Leaked drafts of the Trans-Pacific Partnership (TPP) has reignited the debate over loss of national sovereignty in free-trade pacts, with opponents claiming the TPP as a sell-out to global corporate interests and advocates dismissing the concerns as "overblown."
The issue gained legs again after the release of what Auckland University law professor and anti-TPP campaigner Jane Kelsey says is a leaked and recent draft of the TPP, which includes provisions allowing foreign investors to sue governments in the event that policy decisions erode their profits.
However, the head of the NZ-US Council, former trade negotiator and diplomat Stephen Jacobi, said such clauses exist in other free-trade pacts and are aimed at allowing foreign investors redress in the event of government actions such nationalisation.
"Opponents of the TPP should take heed of the provisions stating very clearly that signatories will continue to be able to adopt, maintain and enforce legislation protecting the environment, health and labour safety," Jacobi said.
Trade Negotiations Minister Tim Groser came under pressure in Parliament from Green Party co-leader Russel Norman, who questioned why the New Zealand government was not following the lead of the Australian federal government, which has said it will not sign a TPP agreement with such a clause.
"The New Zealand government will make up its own mind on what's in New Zealand's interests when all the facts are on the table, and we are far from that point," he said, gaining unexpected support from Labour trade spokesman Clayton Cosgrove, who pointed out New Zealand's free trade agreement with China preserves the right to regulate for health, environmental and labour market protections.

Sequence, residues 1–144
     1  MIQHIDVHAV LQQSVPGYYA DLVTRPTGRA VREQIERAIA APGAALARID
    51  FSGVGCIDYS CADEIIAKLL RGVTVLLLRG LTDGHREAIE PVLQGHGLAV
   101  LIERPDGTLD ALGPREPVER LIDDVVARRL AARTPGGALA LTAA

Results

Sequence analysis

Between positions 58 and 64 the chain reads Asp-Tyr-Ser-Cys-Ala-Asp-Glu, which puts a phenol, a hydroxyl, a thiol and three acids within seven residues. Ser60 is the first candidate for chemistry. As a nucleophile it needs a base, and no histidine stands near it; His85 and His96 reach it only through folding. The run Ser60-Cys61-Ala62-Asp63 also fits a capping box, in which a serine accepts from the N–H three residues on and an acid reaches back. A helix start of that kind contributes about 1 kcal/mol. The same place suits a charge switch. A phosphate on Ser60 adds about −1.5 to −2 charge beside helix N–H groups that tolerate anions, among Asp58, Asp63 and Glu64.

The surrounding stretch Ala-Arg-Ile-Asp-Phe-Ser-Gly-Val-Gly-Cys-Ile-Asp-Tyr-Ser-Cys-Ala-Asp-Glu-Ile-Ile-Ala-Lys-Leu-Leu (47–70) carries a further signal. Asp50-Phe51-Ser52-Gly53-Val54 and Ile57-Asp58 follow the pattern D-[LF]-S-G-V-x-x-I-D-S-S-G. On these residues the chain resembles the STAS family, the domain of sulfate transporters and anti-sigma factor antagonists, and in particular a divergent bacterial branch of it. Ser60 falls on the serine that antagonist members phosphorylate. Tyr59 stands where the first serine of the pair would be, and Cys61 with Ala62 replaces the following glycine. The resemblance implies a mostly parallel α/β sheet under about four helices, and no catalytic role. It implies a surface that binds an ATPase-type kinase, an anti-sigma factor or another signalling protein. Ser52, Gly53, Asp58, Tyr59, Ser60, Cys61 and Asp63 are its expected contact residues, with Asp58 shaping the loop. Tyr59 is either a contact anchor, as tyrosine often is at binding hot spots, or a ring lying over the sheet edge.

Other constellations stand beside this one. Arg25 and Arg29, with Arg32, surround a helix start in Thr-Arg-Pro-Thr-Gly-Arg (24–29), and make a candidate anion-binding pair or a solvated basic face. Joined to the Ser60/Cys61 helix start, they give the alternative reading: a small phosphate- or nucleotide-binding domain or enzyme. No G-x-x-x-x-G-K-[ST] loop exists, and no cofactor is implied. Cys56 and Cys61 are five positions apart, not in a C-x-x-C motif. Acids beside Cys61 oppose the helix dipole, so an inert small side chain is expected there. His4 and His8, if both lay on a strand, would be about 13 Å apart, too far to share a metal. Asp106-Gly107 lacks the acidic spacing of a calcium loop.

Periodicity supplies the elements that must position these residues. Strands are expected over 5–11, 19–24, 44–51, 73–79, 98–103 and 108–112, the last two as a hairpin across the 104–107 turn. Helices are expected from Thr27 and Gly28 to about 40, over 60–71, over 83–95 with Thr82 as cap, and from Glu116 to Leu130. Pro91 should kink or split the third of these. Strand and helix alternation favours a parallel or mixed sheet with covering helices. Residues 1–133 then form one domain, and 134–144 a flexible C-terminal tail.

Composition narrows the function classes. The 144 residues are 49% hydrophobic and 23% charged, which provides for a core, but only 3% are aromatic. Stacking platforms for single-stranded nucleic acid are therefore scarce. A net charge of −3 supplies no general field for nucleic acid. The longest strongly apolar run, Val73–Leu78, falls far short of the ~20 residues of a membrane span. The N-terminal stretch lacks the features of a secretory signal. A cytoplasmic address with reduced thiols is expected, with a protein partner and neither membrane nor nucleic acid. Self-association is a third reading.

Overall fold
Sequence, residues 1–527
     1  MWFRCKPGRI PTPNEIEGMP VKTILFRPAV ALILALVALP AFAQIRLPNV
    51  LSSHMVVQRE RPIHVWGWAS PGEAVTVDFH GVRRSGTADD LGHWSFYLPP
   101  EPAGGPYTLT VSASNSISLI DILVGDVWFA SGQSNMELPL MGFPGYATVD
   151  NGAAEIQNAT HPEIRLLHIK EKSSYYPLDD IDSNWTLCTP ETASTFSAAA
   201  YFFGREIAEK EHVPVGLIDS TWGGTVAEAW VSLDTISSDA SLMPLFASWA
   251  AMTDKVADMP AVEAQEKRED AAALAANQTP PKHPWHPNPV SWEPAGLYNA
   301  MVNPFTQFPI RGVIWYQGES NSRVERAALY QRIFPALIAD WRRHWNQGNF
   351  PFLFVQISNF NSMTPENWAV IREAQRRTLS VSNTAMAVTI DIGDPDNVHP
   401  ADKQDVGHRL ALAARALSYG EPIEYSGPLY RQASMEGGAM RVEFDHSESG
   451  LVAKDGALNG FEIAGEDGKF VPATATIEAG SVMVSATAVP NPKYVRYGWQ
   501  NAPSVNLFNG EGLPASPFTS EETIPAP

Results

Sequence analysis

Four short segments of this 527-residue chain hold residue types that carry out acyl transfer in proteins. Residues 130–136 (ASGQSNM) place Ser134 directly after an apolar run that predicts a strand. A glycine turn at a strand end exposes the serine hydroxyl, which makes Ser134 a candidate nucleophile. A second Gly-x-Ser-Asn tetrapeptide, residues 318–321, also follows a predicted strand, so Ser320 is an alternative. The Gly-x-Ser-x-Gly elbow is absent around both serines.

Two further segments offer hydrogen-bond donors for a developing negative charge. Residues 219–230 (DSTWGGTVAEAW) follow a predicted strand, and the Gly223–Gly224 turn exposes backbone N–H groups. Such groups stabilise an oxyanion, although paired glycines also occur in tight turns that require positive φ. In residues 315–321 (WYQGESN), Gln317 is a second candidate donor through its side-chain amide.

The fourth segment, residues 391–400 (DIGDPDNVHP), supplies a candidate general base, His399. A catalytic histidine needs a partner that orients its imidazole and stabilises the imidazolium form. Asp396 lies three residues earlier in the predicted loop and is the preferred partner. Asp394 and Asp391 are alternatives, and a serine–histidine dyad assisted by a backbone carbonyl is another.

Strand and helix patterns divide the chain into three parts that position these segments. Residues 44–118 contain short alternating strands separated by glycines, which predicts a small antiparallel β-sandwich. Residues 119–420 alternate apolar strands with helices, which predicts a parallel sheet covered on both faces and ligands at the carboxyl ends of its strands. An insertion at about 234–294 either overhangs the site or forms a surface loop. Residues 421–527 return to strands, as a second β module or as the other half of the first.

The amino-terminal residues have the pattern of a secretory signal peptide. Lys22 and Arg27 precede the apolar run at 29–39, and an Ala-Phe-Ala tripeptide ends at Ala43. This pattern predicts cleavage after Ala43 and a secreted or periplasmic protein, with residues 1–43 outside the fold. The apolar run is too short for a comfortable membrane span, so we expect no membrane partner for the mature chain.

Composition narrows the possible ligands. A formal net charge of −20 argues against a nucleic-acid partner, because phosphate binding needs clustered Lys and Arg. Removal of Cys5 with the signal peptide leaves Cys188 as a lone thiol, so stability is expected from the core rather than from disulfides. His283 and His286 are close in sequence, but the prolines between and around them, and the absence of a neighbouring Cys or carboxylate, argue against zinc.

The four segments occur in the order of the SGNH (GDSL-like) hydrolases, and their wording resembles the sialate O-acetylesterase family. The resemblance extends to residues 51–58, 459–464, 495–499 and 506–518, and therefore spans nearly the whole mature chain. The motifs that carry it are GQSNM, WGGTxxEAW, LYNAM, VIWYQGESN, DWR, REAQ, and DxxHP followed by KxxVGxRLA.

However, Groser refused to release any of New Zealand's negotiating position publicly,
Kelsey challenged Jacobi on claims that FTA's can be scrutinised by Parliament, saying "the TPP is like all such treaties. They are done by the Cabinet. Cabinet alone sets the negotiating mandate, reviews the texts, decides and makes the political trade-offs, signs and ratifies the final text.
"The select committee does not get to see the text until the deal is signed and it has no power to require changes. Nor does the Parliament have any authority over the agreement, except where the treaty requires positive changes to legislation."
Jacobi said "part of being an international citizen inevitably means we must accept limitations on Government actions."
"New Zealand has done this in signing up to the World Trade Organisation, the World Health organization, the Kyoto Protocol, and a raft of other international agreements," and gained international legal protections in return.
"New Zealand desperately needs the access to the markets, investment, jobs and other economic growth opportunities that the TPP will deliver," Jacobi said.